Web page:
While not all bad–think positive motivation: envy can encourage us to reach for the sky–overcoming a desire for a thing we don’t have (or in the case of malicious envy, wishing that someone else simply didn’t have it) is not easy. It is part of the human condition and ingrained in our nature to feel this way, as much as is self-preservation or procreation, or as Charles Darwin famously put it: our struggle for existence.
Coping with the green-eyed monster involves altering our perception of what happiness is. It helps if every now and then a thought or antidote comes along that makes reshaping our attitude easier to do, some reminder perhaps that acceptance of who we are is more important than our possessions or appearance or achievements. Unfortunately, such outside influences don’t come along very often. We usually have to find them for ourselves.
But not always.
This personally works for me. To fully appreciate the clip you could use some background if you haven’t seen it, but I’ll spare you. Watch the movie. It is one of the best ones ever.
Embrace. Kiss. Love.
I have mentioned before a particular fondness for a quote by the British writer E.M. Forster (and of which assumes the title of this post). It comes from his book on writing, Aspects of the Novel, which he penned in 1927. In this particular chapter, Forster is concerned with the subject of plotting and begins the section with a quote from a well-known Greek philosopher:
Character, says Aristotle, gives us qualities, but it is in actions–what we do–that we are happy or the reverse.
Forster then goes on to argue against Aristotle’s position, at least in terms of how it relates to what a novelist is charged with doing: illuminating the subconscious. Instead, he contends, happiness and misery exist inside the individual, a sort of a secret life of which there is no “external evidence”. He suggests that for a novelist to do this well, he must have command over all emotion and know in what direction the story is heading, what to leave in and what to take out.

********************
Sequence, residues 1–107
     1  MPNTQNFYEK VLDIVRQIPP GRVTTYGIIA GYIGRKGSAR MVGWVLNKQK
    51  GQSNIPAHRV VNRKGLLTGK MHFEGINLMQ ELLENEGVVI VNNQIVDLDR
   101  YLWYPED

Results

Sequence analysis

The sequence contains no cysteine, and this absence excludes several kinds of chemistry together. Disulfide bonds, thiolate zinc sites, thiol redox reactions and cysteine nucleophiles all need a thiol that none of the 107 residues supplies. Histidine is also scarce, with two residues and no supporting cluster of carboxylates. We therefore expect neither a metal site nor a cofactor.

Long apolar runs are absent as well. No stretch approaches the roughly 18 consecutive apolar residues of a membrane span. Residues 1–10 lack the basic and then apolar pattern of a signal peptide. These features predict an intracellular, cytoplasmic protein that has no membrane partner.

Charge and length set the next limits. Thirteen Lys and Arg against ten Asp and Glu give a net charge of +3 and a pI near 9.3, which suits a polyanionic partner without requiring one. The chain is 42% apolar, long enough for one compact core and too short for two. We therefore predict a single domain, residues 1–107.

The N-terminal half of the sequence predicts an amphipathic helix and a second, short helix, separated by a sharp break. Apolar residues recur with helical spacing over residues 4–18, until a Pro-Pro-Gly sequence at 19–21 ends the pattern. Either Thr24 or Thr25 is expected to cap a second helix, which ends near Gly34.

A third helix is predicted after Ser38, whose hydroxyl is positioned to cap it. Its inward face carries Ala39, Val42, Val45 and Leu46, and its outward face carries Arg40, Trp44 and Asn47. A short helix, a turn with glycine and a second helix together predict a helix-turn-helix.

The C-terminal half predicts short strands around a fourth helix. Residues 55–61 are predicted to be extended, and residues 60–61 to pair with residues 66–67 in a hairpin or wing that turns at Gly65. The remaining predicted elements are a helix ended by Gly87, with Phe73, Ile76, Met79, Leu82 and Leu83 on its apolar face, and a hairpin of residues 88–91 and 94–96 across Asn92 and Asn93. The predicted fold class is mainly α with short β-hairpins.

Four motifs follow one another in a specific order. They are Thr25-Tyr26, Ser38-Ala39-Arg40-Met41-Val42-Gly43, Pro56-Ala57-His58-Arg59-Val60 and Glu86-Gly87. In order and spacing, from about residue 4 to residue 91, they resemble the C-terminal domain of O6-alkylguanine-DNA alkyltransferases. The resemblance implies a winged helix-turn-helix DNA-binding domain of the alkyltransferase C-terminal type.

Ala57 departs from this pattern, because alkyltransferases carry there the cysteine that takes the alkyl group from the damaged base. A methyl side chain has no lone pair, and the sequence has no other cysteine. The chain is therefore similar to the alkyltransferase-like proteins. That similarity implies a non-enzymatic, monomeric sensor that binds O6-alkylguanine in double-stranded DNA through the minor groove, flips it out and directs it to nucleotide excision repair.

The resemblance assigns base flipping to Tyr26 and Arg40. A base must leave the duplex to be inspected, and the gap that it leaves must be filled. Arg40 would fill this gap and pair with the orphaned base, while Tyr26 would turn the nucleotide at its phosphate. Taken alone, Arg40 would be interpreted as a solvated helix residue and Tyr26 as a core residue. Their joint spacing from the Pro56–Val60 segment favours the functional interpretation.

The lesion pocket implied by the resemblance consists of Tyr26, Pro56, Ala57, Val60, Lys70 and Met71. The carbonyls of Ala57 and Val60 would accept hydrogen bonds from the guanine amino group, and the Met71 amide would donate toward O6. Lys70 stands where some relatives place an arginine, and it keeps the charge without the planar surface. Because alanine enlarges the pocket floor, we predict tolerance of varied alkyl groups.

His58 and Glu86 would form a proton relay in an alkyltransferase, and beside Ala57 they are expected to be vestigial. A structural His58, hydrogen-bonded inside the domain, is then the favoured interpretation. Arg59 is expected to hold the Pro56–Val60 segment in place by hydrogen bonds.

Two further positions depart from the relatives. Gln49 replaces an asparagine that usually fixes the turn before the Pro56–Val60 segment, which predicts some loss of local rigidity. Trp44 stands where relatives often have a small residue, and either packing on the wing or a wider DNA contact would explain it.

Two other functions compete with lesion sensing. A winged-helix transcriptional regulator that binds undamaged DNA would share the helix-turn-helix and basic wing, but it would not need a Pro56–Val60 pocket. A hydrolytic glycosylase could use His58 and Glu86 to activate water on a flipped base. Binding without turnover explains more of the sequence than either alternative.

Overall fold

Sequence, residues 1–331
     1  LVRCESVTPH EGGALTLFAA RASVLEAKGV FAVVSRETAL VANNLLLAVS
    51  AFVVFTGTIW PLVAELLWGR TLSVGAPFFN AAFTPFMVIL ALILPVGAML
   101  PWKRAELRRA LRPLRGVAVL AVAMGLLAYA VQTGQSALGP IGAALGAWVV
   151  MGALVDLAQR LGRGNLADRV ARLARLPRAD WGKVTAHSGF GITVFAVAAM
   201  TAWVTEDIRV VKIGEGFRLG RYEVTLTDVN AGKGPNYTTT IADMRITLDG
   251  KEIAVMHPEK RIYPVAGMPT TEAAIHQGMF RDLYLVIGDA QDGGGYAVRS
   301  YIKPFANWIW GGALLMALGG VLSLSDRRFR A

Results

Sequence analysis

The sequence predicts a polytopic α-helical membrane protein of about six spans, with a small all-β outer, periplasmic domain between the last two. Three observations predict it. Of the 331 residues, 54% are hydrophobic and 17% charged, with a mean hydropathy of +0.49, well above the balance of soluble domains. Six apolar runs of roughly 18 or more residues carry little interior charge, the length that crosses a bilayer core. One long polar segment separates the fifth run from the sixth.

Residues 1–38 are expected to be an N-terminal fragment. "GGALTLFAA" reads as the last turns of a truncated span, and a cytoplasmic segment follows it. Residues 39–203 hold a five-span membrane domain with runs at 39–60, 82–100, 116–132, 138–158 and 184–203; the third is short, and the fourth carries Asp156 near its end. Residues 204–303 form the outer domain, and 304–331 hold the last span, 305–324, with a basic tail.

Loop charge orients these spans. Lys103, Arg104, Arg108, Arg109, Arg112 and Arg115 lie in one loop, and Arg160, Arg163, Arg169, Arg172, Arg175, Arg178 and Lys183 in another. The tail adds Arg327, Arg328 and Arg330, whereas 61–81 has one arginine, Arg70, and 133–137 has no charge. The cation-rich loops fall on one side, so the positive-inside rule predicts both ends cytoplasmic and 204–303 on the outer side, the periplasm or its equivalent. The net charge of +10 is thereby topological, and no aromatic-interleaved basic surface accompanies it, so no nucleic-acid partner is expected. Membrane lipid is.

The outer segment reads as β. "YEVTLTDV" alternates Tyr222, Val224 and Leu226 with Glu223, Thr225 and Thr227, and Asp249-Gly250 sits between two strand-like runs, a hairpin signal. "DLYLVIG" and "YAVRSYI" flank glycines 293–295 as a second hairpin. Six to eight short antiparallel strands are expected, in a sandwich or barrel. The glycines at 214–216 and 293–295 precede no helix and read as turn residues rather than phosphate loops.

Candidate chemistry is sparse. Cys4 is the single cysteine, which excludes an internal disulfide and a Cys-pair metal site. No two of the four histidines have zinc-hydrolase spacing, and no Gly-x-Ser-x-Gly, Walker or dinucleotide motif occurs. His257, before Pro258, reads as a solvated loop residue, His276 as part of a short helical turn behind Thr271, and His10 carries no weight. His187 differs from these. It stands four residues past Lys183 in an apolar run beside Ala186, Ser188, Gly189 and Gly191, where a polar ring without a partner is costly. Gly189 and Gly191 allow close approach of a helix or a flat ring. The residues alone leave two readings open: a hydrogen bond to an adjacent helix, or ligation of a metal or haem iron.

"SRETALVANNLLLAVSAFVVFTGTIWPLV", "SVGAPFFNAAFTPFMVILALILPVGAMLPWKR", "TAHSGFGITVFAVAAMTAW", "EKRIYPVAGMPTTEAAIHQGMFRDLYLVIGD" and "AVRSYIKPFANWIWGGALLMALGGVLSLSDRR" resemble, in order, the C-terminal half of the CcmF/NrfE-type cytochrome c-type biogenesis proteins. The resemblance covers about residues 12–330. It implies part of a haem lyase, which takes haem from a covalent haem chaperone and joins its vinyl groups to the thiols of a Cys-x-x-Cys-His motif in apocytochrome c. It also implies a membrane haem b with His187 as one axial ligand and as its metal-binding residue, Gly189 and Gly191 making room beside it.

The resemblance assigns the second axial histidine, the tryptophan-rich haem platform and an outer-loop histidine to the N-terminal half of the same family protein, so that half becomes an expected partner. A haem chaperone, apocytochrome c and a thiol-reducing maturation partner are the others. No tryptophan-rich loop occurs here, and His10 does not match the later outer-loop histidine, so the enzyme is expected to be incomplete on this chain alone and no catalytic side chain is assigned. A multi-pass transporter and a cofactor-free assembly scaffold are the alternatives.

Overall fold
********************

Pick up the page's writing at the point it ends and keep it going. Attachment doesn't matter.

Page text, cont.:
I believe that, but to get to the point of why I think this is worth sharing on a blog that deals mostly with diabetes and raising a family, I should explain the context from which Forster drew his now famous line. In the chapter, he highlights the plot found in Les Faux Monneyuers, by André Gide, in which one of the characters, Edouard, a novelist, expresses his intent to write a character story about the struggle between reality and what we make of it, or as he puts it, a “slice of life” that leaves nothing out. A story about everything.
“My poor man, you will bore your readers to death,” a friend responds. “And what is the subject?”
“There is none,” Edourdo retorts.
“Have you planned out this book?’
“Of course not…I am waiting for reality to dictate to me.”
If this scene sounds similar you might recall the Seinfeld episode where George proposes to pitch a show about nothing. In Aspects of the Novel, Forster — and to some extent George — uses the moment as a means of suggesting that artists should become mixed up in their work, let it move them along, subdue them and tote them away, as it should the observer. The problem that Jerry points out, as does Edouard’s companion, is that truth in life and truth in art are not identical. All that is prearranged, Forster suggests, is false.
It’s a fact that he finally illustrates with the anecdote of an old lady who stood accused of being illogical. “Logic? Good gracious! What rubbish!” the lady exclaimed. “How can I tell what I think till I see what I say?”
This is, of course, at the center of what many of us who write about living with diabetes are after. To cut open, peel back and lay bare the truth of what life is like for us, to make sense of it and embrace it. To not let it hold us back. After all, to quote E.M. Forster once more, We must be willing to let go of the life we have planned, so as to have the life that is waiting for us.
Being so new to this, there are probably a great number of things we do wrong when it comes to treating diabetes. But everyday brings us new levels of confidence and also, strangely, periods of disbelief and elementary head-scratching that make us wonder have we been paying any attention at all. It ‘s much like a daydreaming child must feel who, upon waking from their mid-morning trance, suddenly realizes the teacher has asked them a question. But they say success comes in cans, not can’ts, so fortunately we keep trying again and again, and just like that poor little schoolboy, begging forgiveness and hoping our mistakes don’t lead to something worse.
As opposed to writing about two of our bloopers, I’ll choose a more subtler way to illustrate. Can you spot the difference?